This article is part of the English PEN Between EU and Me project, supported by the European Commission

Translated by Clarissa Botsford

I started thinking up Hana, the protagonist of Sworn Virgin, when I was still at high school in Tirana, under the Albanian communist regime. Perhaps because she was a reminder of those archaic traditions that the Party – in its infinite wisdom and foresight – claimed it had totally eradicated. Despite such claims, however, rumours abounded at the time about these bizarre creatures. It was said they were still eking out their existence in the valleys of the north, wedged into the peaks known as the Accursed Mountains, a name that seemed specially coined to attract the attention of a nosy adolescent. These women dressed as men and carried rifles, it was whispered. They shared the fiercest grappa with men, in the men’s dives, and chain smoked cigarettes like men. These women had the same rights as men, and were respected by other men as equals, or even as superiors. All this, rumour had it, happened in those Accursed Mountains, where life was still regulated by the Kanun, a set of ancient Albanian laws passed down through the generations, which somewhere stated that, ‘a woman is a sack, made to endure.

All you had to do in order to take control of your own destiny, rather than be considered ‘a sack’, was to take a vow of chastity before the elders of the village. At that point you could do whatever you wanted: sell clan land, refuse an arranged marriage, shoot your enemies, give orders and have the last word.

One day, by chance, I saw a photograph. It was a portrait of a sworn virgin: she was a man.

The Party continued to skirt the existence of these unlikely figures. And yet, many years later I discovered that one sworn virgin – a man in every important respect – had served the world proletariat faithfully for years as secretary of a local committee of the Albanian Workers’ Party, to everyone’s satisfaction.

I left Albania without saying goodbye – but that is another story. I took with me extravagant dreams, anguish, anger and nostalgia. Deeply buried in a dark corner of my memory, I also took Hana. How many sworn virgins were left? Forty? Sixty? Not very many, but they existed alright. And in my writer’s imagination there was Hana: young, beautiful, brilliant, with poetry in her soul and an insatiable appetite for the life which was just beginning to unfurl in front of her eyes, but, at the same time, a daughter of the accursed destiny of the Accursed Mountains in a beleaguered country. My Hana was going to be a rebel, not a sack-like product of the Kanun. She was going to sign up for university down in the capital city. She was going to be emancipated and studious, a writer even. Until the laws of the mountain and of family love dictated the direction of her life and made her become – like others before her – a sworn virgin by the name of Mark.

That was when I tried to imagine what the people of the Accursed Mountains had never witnessed and would never deem possible: a sworn virgin who betrays her vows. A woman turned man who becomes a woman again. A little atom bomb dropped on the Kanun, on the harsh valleys where for centuries an undisputed patriarchal tradition had reigned. Because this is the power a novelist wields: to write the unspeakable.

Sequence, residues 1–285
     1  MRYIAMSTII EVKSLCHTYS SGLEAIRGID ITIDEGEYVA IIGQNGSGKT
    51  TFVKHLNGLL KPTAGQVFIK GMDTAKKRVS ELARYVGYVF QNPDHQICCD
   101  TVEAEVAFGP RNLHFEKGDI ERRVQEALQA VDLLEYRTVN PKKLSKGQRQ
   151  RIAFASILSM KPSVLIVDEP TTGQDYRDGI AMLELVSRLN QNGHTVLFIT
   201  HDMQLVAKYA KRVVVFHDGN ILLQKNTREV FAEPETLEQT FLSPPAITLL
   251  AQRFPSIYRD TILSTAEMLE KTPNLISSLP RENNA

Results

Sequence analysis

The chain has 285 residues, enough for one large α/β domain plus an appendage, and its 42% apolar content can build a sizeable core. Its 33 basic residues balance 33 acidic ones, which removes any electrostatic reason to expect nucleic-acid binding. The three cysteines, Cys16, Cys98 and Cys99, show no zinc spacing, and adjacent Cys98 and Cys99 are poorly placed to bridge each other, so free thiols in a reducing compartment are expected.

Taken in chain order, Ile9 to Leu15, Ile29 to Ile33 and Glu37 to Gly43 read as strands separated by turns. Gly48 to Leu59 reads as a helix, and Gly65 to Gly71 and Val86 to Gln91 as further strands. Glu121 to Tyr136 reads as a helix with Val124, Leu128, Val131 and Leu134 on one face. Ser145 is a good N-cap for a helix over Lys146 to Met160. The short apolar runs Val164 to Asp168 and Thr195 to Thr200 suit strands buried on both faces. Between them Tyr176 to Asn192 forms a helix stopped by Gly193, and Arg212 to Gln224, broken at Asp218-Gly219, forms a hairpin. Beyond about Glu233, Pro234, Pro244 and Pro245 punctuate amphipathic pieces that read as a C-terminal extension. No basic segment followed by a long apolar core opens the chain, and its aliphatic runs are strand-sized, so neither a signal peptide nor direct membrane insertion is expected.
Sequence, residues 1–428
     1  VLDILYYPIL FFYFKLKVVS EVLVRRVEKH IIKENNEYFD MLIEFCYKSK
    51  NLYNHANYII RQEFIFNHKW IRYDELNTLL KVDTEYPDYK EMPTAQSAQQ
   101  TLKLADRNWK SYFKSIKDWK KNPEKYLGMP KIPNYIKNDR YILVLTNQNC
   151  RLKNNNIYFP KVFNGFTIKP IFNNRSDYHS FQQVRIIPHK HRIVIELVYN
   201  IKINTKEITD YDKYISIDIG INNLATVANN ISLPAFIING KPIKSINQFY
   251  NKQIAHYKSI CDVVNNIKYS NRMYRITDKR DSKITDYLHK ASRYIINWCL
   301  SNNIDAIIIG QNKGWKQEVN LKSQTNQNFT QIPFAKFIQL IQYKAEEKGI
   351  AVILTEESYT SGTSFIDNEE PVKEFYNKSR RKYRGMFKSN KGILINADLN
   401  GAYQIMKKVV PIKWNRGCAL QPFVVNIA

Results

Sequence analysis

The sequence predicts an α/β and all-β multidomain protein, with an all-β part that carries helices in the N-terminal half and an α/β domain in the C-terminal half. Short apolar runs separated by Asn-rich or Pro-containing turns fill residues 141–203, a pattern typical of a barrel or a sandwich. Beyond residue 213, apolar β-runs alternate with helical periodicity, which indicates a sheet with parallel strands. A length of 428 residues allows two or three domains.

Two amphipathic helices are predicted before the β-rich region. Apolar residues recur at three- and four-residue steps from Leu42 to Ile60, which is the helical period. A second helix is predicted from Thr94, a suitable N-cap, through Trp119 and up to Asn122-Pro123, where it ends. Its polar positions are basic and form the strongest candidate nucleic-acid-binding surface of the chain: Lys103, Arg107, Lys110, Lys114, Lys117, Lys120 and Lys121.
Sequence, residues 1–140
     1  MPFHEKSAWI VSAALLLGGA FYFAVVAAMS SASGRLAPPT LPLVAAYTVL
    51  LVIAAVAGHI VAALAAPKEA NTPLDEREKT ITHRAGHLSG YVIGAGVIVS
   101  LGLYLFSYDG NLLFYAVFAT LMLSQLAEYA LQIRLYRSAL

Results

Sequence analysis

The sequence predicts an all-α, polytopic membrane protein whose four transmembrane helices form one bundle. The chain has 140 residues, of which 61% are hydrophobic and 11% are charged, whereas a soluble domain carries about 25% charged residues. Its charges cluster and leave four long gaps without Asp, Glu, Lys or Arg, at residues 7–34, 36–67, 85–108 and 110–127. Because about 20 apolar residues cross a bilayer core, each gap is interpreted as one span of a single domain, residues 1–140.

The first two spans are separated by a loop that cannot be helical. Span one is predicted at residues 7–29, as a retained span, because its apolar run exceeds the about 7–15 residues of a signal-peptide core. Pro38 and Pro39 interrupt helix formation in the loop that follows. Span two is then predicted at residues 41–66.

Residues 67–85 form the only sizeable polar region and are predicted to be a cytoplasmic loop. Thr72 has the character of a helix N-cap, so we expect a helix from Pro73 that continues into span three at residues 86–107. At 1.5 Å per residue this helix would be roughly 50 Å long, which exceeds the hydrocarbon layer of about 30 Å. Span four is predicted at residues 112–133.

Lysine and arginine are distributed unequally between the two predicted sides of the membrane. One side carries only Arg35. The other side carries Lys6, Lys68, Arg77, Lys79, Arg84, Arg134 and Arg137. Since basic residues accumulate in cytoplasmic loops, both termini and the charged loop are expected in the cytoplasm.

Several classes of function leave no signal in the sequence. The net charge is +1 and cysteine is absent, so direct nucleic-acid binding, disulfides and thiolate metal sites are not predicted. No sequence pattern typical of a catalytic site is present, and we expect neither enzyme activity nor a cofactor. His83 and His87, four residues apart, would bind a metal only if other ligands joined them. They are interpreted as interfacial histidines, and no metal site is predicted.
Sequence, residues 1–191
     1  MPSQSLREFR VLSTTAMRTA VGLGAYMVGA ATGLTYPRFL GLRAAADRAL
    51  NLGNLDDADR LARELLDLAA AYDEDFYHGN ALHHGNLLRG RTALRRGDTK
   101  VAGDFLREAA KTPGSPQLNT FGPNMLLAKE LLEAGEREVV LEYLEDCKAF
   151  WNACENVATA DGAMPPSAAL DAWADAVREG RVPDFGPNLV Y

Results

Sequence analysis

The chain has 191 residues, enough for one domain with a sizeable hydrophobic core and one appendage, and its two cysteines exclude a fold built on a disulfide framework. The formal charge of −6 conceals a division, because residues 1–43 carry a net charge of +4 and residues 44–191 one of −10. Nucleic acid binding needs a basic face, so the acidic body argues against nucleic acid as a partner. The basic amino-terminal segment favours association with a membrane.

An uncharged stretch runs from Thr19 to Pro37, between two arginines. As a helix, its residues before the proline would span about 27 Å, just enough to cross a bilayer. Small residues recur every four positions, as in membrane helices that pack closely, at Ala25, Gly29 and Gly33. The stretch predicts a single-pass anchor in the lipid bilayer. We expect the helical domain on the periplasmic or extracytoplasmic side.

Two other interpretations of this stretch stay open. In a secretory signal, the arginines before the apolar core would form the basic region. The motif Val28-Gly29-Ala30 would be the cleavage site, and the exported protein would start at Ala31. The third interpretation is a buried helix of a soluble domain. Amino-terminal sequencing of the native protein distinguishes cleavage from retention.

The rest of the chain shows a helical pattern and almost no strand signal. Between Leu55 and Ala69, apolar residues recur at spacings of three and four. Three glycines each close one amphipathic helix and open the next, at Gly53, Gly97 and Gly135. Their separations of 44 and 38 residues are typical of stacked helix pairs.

When I had finished writing the novel, Hana didn’t want to leave me alone. Creating her had not been enough. I went to look for her up in the Accursed Mountains, where I filmed a documentary on sworn virgins for Swiss television. I met several of them: they were men, smoking and drinking, carrying their rifles, totally relaxed, at ease in themselves, expressing no regrets or complaints about their life. In one town I met the former Party secretary, who was still respected as if the regime had never collapsed. And then I found a car mechanic in a tiny village who confided her impossible dream, her unspeakable anguish. I had finally found her.

Elvira Dones will be in the UK for the following events:

Monday 19th May, 7 for 7:30pm, The Library at Hardy’s Brasserie, 53 Dorset Street, London, W1U 7NH

This is the first in a regular dinner party we will be hosting throughout the year, in which a small group of people get to join us for dinner with one of our authors, their translator.

We will all be around one large table and people shall be rotated after each course to give everyone a chance to talk to Elvira, her translator Clarissa Botsford and at least one person from And Other Stories.

Space is limited and booking is essential.

£30 per head for a 3-course dinner and aperitif (excl. wine). A £10 deposit is required.

To Book, contact:

Tuesday 20th May, 7 – 8:30pm, The Italian Bookshop (in The European Bookshop), 5 Warwick Street, London, W1B 5LU.

An evening of readings and discussion between Elvira Dones and Clarissa Botsford in both English and Italian. Wine and snacks provided.

FREE event

Wednesday 21 May, 7:00pm, Working Men’s College Library, 44 Crowndale Road, London, NW1 1TR – (Nearest tubes Camden, Mornington Crescent)

An evening of readings with five exciting international authors at this popular literary salon.

Entry is FREE but reservations are essential.

Cash bar available.